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What Strauss-Kahn’s arrest means for the eurozone — and for France

May 16th, 2011

The surprise arrest last Saturday of the IMF managing director Dominique Strauss-Kahn at Kennedy airport in New York on sex charges could not have come at a worse time for international financial markets. Rather than dwell on innocence, guilt or the detail of the offences of the former French finance minister is alleged to have committed, I wanted to focus on three topics in this blog. These are:

  1. What does DSK’s arrest mean for European bailouts?
  2. What does his arrest mean for the next French presidential election?
  3. What does the reaction to his arrest tell us about different standards of morality in the US and Europe?

EU bailouts

Tacking European bailouts first, I personally suspect the absence of DSK from future talks is not going to be end of the road for the IMF’s central role in providing emergency funding to profligate or bankrupt European nations that have been frozen out by the international capital markets.

This view seems to be reinforced by news of the Washington-based fund’s first deputy managing director, John Lipsky, already stepping into DSK’s shoes. According to the New York Times, Lipsky “has been overseeing the logistics of the bailout of the Greek economy.” So he must be pretty well versed with what’s going on.

However the Financial Times is less convinced, especially since Lipsky has indicated he intends to step down in August. Its chief economics commentator Martin Wolf told BBC Radio 4’s Today programme that the IMF boss’s arrest “is an extraordinary disruption” which “throws the IMF into limbo”.

Meanwhile the Guardian cited Greek sources saying that DSK’s arrest has “unnerved” Greece, since it adds further uncertainty and already fraught situation.

Strauss-Kahn was supposed to be attending a critical meeting of eurozone finance ministers in Brussels today (Monday, May 16), where Greece’s spiralling debt will be the first item on the agenda. The Guardian quoted Louka Katseli, Greece’s minister of labour and social security, as saying:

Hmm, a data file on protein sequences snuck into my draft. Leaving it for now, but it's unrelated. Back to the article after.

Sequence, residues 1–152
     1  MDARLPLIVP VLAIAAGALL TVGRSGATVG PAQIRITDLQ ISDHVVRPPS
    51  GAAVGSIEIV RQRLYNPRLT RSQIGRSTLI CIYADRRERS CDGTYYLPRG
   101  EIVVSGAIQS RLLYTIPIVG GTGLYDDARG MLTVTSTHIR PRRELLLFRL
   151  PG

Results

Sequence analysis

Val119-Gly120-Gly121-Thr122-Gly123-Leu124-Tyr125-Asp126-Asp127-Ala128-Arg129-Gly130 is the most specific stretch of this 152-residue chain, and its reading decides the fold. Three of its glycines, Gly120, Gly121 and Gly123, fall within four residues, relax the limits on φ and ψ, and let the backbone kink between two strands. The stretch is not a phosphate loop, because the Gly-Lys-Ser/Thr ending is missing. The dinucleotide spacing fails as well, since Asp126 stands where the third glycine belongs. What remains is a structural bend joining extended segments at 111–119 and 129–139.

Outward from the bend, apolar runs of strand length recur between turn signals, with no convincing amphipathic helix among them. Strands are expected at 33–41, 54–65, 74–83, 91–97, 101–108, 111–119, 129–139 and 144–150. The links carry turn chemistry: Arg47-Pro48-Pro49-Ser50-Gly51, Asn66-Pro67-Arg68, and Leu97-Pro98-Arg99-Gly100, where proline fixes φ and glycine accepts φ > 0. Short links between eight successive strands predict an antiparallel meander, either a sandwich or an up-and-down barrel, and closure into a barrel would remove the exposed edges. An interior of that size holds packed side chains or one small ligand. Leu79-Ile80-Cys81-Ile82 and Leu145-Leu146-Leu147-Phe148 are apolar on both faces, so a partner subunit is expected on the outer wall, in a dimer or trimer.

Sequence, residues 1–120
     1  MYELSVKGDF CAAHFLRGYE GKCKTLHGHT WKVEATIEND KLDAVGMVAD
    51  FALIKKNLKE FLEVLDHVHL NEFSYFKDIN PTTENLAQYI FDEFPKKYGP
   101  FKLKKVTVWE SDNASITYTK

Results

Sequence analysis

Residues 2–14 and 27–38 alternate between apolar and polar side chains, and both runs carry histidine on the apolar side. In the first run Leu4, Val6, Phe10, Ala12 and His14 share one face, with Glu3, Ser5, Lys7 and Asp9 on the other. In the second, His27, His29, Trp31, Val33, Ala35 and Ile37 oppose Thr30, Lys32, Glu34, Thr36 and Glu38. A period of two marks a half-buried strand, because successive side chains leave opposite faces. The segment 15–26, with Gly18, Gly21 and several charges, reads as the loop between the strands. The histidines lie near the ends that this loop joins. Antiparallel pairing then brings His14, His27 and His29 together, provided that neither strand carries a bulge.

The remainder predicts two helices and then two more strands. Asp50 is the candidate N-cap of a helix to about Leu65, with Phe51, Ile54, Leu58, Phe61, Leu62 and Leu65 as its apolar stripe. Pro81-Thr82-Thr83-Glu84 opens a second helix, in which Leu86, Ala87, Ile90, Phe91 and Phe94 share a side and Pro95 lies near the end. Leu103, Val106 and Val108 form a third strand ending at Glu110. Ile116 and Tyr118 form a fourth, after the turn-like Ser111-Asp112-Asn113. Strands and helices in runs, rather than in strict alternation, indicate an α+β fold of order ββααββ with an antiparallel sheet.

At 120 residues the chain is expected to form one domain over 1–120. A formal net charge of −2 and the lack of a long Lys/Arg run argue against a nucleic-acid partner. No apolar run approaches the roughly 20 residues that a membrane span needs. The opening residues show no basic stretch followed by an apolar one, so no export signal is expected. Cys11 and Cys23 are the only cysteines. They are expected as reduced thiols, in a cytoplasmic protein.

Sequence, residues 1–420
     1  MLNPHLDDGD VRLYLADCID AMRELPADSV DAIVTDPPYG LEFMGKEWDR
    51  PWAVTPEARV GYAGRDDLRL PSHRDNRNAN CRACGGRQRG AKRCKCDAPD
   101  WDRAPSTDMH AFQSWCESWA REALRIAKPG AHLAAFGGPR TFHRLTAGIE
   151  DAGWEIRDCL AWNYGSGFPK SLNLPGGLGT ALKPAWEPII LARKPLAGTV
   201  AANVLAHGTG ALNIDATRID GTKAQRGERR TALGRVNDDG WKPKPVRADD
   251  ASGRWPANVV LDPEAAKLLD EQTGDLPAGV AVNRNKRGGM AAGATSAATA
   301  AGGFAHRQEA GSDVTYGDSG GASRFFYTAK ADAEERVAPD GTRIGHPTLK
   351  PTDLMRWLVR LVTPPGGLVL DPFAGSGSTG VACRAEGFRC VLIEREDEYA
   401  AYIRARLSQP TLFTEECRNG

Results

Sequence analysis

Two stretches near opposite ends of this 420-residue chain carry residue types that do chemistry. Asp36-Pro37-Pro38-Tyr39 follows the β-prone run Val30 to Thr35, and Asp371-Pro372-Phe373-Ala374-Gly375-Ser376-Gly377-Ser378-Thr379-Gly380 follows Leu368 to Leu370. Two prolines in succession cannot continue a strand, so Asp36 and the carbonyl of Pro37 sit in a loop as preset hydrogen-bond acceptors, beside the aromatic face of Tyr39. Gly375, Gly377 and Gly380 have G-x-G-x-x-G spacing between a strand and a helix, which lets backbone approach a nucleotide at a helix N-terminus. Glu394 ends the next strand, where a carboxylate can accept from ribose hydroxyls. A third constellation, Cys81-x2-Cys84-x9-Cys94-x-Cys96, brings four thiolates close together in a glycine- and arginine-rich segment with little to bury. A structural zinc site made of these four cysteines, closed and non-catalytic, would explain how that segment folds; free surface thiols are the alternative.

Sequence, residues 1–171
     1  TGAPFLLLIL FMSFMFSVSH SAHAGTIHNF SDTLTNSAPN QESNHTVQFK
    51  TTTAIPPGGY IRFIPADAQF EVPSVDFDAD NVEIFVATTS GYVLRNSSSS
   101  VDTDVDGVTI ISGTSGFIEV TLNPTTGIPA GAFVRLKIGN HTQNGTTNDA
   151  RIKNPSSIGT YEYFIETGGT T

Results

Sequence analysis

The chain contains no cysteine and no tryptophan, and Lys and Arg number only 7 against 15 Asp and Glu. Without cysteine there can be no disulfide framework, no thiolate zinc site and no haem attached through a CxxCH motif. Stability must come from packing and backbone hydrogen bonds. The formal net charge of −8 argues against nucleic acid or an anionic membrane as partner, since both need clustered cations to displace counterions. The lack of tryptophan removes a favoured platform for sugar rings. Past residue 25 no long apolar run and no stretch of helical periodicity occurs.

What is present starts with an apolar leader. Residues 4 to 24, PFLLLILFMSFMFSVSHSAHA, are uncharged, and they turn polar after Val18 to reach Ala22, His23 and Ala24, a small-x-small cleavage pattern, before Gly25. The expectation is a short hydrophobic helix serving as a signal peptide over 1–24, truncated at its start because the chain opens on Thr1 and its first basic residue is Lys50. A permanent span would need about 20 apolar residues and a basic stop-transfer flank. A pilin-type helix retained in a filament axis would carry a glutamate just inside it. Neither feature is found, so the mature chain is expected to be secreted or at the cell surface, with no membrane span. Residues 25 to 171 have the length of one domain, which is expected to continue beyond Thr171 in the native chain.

“This adds uncertainty to the prospect of early resolution. The more uncertainty exists in terms of major institutions, the higher the cost for a country like Greece. What is needed are firm decisions [to ensure] financing for the next years.”

Strauss-Khan is seen as a europhile who favoured handing the Aegean nation further financial aid, albeit with strong conditions attached, to stave off economic collapse. According to the Daily Telegraph, his arrest has not only undermined these negotiations, it has also made PIIGS defaults more probable. (update: The Telegraph’s Jeremy Warner argues that Strauss-Kahn’s downfall a good thing, since it means the IMF’s flawed eurozone policies will be reconsidered).

And Jean Pisani-Ferry, director of the Bruegel economic think-tank, told Reuters, “The chances are the successor won’t be a European, and will want to rebalance the IMF’s priorities away from its massive commitment in Europe.”

The upcoming French elections

I suspect, however, that DSK’s arrest is going to have a much bigger impact on France – and French politics in particular – than it will on the IMF or the bailouts. Writing in the International Herald Tribune, Katherine Bennhold and Liz Alderman said:

“The incident threw Mr. Strauss-Kahn’s political party, the Socialists, into confusion and set the stage for a new political calculus that could allow the National Front, the far-right party led by its founder’s daughter, Marine Le Pen, to become a more dominant force during the election campaign.

The FT agreed saying that DSK’s arrest has thrown next year’s presidential race wide open, with one of the biggest fears that it will open the door to the far-right Front Nationale party, led by Marine Le Pen.

The socialists badly need to find a candidate with Mr Strauss-Kahn’s intellectual weight and centrist appeal … If one effect of the Strauss-Kahn affair is to enhance Ms Le Pen’s prospects at the expense of mainstream candidates, it will be a black day for democracy in France.

The morality question

But what does “l’affaire Strauss Kahn” tell us about difference in standards of morality, and attitudes to morality in the US and Europe?

According to some French commentators, the US reaction has been hypocritical. They say the scandal does not necessarily preclude DSK from high office (although much depends on the result of any trial). Such sources also make the point that France is much less puritanical than the US where the sexual misdeeds of its politicians.

Gilles Savary, a member of the European Parliament and a member of Strauss-Kahn’s Socialist Party, wrote on his blog that DSK’s arrest might be attributable to US-style hypocrisy. Savary wrote:

“Everyone knows that Dominique Strauss-Kahn is a libertine, and that he is distinguished from others by the fact that he doesn’t try and hide it. In puritanical American, infiltrated by rigorous Protestantism, financial misdeeds are far more tolerated than pleasures of the flesh.”

This blog post was first published on QFINANCE on May 16th 2011

 

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